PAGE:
Last Updated Jun 2, 2011 4:55 PM EDT
First, economists getting rate forecasts wrong is nothing new, as my MoneyWatch colleague Allan Roth noted yesterday. He mentioned a study by Bianco Research showing that the Wall Street Journal's consensus interest rate forecasts (which involve 60 economists) got the direction wrong 65 percent of the time. (The chapter Why Persistent Outperformance is Hard to Find in my book The Quest for Alpha provides the evidence from other similar studies.)
The overwhelming body of evidence on the inability of forecasters to see the future clearly makes one wonder why people pay so much attention to what is obviously nothing more than the financial equivalent of reading tea leaves or palms.
Second, if you're like most investors, you're wondering why rates have continued to fall, defying the experts. There are two simple explanations. First, the economic news (data on employment, manufacturing, consumer confidence and so on) has been weaker than expected. In other words, economists and gurus called it wrong -- they got caught by surprise. Yet, history teaches us that surprises are a persistently important factor in explaining outcomes. And by definition, surprises aren't forecastable.
The second explanation is that the price of "portfolio insurance" has gone up. Assets that tend to perform well when the risks of stocks appear should have low expected returns. Just how low depends on investors' perception of risk, which is constantly changing. When investors believe the risks are high, they bid up the price of securities that offer portfolio insurance. And since investor perception of risk has been rising with the weakening economic data, they've bid up the price of assets that offer a safe haven from the storm. And that helps explains why yields have fallen.
Because surprises explain so much of bond returns (and equity returns as well), you should ignore the forecasts of economists and gurus when deciding on the maturity of your holdings. Our strategy for nominal bonds is to simply build ladders, typically with average maturity of four to five years, and then stay the course. A ladder provides the benefit of diversifying term and reinvestment risk. The limit of four to five years for the average maturity is based on the historical evidence that term risk beyond that hasn't been well rewarded. Those who have stayed very short over the past two years have paid a large price in foregone interest as the yield curve has been very steep.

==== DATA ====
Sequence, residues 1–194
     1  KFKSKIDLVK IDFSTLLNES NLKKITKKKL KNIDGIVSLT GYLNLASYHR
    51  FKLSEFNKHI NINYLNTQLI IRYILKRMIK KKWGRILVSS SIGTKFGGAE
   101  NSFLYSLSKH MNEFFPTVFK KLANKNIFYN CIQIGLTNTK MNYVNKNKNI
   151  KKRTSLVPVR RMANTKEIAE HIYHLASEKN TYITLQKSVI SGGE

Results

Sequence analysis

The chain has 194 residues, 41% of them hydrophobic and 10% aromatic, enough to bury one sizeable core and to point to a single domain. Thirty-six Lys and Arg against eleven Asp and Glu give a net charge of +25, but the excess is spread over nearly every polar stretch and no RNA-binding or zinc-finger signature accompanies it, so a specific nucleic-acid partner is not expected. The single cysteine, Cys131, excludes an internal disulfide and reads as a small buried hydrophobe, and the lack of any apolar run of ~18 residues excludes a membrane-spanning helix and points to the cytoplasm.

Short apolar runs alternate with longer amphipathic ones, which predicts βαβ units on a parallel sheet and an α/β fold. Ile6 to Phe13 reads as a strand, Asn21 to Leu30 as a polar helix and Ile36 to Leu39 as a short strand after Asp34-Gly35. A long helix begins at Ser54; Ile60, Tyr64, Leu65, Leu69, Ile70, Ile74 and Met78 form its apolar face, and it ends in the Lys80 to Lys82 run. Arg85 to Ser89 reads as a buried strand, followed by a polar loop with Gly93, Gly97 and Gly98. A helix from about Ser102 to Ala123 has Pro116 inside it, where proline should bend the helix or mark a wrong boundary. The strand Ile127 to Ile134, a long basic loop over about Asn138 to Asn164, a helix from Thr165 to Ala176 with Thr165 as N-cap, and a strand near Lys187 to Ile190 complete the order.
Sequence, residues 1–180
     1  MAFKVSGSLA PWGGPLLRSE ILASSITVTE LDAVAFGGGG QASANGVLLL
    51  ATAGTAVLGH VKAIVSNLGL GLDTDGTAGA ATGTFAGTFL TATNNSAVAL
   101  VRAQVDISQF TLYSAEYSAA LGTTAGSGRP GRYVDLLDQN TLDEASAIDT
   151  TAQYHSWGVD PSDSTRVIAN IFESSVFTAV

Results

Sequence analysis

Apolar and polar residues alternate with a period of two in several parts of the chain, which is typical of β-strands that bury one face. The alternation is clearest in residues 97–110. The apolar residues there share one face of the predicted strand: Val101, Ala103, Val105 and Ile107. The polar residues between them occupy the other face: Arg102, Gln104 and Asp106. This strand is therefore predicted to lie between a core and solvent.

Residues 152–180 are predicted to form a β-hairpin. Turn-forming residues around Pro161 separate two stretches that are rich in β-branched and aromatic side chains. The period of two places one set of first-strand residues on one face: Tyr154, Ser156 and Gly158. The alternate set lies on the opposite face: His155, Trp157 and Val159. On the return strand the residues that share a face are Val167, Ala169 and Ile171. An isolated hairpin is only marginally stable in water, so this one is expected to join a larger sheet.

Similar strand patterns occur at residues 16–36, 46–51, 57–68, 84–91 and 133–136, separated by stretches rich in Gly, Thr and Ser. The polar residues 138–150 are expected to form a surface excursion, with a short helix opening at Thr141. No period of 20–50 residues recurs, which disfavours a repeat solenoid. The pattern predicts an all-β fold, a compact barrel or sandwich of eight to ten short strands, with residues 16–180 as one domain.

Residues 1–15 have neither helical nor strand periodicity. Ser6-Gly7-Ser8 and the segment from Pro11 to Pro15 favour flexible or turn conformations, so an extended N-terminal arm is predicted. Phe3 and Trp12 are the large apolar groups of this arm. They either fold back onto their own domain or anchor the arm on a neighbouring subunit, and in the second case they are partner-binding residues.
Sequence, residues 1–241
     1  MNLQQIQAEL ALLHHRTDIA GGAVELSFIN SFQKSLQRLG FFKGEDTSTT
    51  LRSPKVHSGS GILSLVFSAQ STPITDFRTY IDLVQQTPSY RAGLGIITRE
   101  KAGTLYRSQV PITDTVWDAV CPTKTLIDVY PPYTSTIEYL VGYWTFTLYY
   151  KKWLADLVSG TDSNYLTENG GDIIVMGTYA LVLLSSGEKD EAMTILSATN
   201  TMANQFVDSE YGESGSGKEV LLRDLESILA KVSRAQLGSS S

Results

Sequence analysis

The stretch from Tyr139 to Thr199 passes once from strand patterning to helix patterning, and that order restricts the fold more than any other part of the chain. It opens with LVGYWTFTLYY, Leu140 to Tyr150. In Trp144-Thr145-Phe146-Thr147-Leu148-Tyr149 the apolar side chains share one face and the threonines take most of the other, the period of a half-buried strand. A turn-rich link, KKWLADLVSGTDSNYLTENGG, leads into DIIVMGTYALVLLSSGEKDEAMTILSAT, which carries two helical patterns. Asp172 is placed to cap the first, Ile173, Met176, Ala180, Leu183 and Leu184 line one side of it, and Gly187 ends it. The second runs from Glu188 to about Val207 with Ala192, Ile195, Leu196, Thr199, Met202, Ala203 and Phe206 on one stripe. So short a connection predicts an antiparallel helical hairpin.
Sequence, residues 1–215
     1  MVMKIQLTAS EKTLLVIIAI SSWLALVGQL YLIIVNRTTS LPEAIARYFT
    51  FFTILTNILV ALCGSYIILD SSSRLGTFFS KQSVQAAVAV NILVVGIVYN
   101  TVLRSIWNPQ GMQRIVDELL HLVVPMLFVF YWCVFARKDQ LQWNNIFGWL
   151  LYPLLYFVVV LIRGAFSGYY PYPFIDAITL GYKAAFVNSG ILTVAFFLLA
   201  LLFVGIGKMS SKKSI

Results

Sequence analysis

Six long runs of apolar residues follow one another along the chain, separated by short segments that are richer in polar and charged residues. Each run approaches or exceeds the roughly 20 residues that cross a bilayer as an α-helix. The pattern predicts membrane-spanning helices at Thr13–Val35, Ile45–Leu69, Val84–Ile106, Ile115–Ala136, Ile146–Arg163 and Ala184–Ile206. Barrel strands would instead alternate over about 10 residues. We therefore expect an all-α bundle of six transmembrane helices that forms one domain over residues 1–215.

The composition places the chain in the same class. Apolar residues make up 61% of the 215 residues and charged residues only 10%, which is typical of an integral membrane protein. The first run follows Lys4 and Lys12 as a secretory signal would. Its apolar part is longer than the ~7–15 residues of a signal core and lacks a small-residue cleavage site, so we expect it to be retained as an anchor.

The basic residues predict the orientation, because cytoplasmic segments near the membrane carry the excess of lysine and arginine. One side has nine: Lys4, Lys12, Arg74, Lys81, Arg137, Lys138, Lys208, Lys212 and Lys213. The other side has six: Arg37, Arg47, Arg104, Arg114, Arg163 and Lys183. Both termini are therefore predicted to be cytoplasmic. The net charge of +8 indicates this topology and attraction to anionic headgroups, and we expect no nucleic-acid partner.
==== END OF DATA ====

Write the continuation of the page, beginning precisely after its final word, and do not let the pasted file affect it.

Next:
Before concluding, I thought I would add the following. Readers of this blog know that my crystal ball is always cloudy. But I will make an exception and provide the following forecast. The economists who had predicted rising rates won't admit their mistakes. Instead, they'll do what they always do. Quoting Carol Tavris and Elliot Aronson, authors of Mistakes Were Made (but not by me), they'll justify their forecasts by "coming up with explanations of why they would have been right if only -- if only that improbable calamity had not intervened; if only the timing of events had been different; if only blah blah blah."
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More on MoneyWatch:
Interest Rates: Why Waiting for Rates to Rise May Cost You Why Buying Money-Losing Investments Can Be a Good Strategy Should the Treasury Stop Issuing TIPS? Nouriel Roubini Misses Another Prediction The Smartest Things Ever Said About Beating the Market
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